Medicare benefits are also nationally recognized, so you should still be able to pick up your prescriptions(if you use a large chain pharmacy, they can generally transfer your prescription information to their nearest branch).
If you need to see a doctor, you will need to find the right one to see, but as long as they accept Medicare, most of your costs are covered – if you have a secondary insurance you will need to confirm if they accept that as well, which may be more challenging in a different part of the country.
Visiting other states on SSI
SSI is, of course, a completely different set of issues.
While SSI is a national program, the benefits are managed by your state of residence, and in many cases are managed on the county level.
Many states pay more than the federally generated amount to make up for cost of living disparities or follow state laws about disability needs.
When you visit other states your checks will continue, but your Medicaid coverage may not get you any service wherever you are visiting.
Neighboring states will sometimes have reciprocal agreements to treat patients, primarily in larger and research hospitals, but that’s about the limit of cross-state honoring of Medicaid.
I experienced this personally when I went through a brief period of only having Medicaid coverage – even though I live in New Jersey, my neurologist worked at Columbia Presbyterian Hospital in New York City, and he was able to admit me there due to the reciprocal agreement between the hospital and NJ Medicaid.
There are also some Medicaid programs(especially HMOs) that might be primarily managed on the county level, which can make a doctor or hospital visit in another county more challenging.
While treatment options are often limited while on Medicaid, you need to be aware that you may have effectively no coverage while in another state(or county in some cases).
If you are going to visit friends or family who live more than a few hours away, you may want to do some research about how far your Medicare coverage extends, so you know your options should an emergency occur.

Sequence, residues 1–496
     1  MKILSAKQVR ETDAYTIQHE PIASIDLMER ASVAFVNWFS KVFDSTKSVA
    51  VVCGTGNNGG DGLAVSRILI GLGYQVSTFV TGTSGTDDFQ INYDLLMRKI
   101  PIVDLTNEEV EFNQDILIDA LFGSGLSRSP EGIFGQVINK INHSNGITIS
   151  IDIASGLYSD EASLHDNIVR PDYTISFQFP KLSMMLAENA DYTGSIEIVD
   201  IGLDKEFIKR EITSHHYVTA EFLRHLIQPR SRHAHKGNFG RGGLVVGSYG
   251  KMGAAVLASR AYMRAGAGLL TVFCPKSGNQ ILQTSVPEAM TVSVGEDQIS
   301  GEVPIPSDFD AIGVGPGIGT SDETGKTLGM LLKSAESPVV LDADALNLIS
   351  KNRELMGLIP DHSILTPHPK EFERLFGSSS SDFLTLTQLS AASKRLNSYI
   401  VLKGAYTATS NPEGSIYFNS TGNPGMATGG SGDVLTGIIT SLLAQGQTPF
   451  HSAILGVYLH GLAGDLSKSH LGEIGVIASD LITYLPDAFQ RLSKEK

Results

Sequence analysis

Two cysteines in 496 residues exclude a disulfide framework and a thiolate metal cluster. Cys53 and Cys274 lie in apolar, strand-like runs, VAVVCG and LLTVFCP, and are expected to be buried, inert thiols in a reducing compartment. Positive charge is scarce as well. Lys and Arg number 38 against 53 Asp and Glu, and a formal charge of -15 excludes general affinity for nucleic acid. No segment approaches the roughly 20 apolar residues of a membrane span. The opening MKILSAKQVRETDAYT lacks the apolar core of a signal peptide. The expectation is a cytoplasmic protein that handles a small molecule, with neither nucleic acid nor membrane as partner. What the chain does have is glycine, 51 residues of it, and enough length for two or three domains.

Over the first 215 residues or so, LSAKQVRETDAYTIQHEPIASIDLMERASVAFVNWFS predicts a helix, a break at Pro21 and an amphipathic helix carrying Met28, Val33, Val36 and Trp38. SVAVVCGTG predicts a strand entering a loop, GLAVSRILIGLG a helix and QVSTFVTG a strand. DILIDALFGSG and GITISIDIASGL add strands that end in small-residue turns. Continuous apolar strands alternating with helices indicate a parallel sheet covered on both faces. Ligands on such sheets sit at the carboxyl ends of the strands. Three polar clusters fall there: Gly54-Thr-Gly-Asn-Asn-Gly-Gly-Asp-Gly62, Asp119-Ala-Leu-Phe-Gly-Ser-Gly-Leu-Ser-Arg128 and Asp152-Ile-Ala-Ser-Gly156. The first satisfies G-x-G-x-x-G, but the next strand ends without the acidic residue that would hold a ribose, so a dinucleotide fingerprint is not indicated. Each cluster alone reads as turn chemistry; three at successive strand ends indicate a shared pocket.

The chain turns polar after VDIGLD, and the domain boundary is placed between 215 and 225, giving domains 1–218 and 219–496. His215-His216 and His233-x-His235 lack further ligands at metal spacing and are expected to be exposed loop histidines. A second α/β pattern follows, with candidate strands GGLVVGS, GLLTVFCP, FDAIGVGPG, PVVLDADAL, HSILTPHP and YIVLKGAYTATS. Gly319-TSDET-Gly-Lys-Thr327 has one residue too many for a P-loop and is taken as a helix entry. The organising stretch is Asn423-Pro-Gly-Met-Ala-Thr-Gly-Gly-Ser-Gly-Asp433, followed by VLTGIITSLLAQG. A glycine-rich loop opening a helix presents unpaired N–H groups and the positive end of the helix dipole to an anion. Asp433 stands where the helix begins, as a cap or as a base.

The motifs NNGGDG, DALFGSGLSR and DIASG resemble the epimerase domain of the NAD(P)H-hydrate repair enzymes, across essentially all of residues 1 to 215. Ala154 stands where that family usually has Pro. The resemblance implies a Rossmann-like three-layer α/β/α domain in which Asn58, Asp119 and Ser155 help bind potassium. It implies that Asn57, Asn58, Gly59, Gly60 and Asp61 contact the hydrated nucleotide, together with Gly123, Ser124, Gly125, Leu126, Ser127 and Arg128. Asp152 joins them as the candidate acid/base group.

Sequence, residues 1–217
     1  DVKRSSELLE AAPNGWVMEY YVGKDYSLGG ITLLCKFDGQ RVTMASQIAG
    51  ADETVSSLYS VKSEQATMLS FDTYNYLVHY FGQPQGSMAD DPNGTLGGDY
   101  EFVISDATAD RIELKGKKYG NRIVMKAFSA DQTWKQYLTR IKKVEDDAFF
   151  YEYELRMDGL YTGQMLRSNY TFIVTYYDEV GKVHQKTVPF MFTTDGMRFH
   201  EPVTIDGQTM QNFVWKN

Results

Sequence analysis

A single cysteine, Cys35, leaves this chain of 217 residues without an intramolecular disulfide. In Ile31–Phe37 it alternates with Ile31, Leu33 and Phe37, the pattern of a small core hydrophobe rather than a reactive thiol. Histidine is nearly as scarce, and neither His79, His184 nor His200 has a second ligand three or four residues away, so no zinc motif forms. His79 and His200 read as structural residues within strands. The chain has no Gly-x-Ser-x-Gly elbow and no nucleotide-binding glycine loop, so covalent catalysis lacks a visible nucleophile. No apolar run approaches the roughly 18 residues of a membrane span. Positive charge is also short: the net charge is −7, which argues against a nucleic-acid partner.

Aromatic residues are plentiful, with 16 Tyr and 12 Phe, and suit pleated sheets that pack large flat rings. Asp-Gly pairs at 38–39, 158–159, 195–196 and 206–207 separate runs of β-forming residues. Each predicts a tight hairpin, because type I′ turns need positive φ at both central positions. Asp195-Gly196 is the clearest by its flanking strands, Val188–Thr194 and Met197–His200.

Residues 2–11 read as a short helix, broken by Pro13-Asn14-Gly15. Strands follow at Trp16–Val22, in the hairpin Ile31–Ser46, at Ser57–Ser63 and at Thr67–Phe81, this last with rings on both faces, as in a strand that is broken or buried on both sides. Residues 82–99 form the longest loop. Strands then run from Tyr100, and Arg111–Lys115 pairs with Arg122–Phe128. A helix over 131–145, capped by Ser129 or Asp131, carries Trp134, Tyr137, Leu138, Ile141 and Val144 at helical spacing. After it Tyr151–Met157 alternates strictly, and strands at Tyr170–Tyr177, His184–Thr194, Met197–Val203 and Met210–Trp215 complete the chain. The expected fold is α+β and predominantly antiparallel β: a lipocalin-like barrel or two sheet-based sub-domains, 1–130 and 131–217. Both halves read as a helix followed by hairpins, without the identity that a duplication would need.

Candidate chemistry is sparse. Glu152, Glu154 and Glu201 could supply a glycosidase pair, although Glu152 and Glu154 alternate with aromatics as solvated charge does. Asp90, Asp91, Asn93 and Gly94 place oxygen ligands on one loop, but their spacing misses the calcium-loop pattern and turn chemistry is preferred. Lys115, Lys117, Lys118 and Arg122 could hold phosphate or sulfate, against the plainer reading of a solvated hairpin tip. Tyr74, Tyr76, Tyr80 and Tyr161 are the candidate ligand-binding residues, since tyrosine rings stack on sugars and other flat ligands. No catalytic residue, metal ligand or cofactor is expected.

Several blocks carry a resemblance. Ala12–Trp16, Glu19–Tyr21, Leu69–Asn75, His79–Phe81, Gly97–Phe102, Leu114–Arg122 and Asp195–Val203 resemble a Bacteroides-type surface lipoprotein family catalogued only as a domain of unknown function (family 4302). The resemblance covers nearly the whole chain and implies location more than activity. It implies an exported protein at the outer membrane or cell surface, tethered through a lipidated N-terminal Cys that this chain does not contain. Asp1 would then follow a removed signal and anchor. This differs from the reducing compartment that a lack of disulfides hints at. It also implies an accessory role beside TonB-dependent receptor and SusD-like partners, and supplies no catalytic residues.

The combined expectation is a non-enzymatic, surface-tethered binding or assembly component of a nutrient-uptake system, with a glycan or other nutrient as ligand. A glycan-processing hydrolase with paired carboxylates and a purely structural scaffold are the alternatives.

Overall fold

Moving to another state while on SSI is likely to disrupt your benefits, and you will only be eligible for that state’s Medicare coverage.
This is generally expressed in terms of what is in-network and how much coverage you have out-of-network.
If your Medicaid doesn’t cover out-of-network providers, please proceed with caution.
To give you an idea of Medicaid complications, a friend of ours moved to Florida from New Jersey.
She had applied for Disability coverage and was waiting for her answer, but had been granted NJ Medicaid while she lived here.
She wasn’t eligible for Medicaid coverage in Florida, as their eligibility rules are different.
She had to pay out of pocket for doctor’s appointments in Florida, as her NJ Medicaid wasn’t accepted by any doctors down there.
Eventually, she moved back to New Jersey so she could see specialists up here.
Conclusion: Can you travel while on disability?
Yes, you can. Traveling is generally more expensive than staying in one place(or at least more variable) which is challenging to manage on a limited budget like you are prone to having while on disability benefits.
You also need to be in reasonably stable condition, where you are less likely to need constant medical attention(what fun would it be otherwise?).
If you are on SSDI, there are fewer restrictions and living overseas is an option, with overseas travel relatively unlimited. SSI is more limiting in terms of resource availability, insurance coverage, and time permitted out of state or country.
If you place a high value on that freedom to travel, you may be able to find a solution for yourself and be able to travel and explore once your condition has stabilized.
I wish you the best on your journey, wherever it may take you!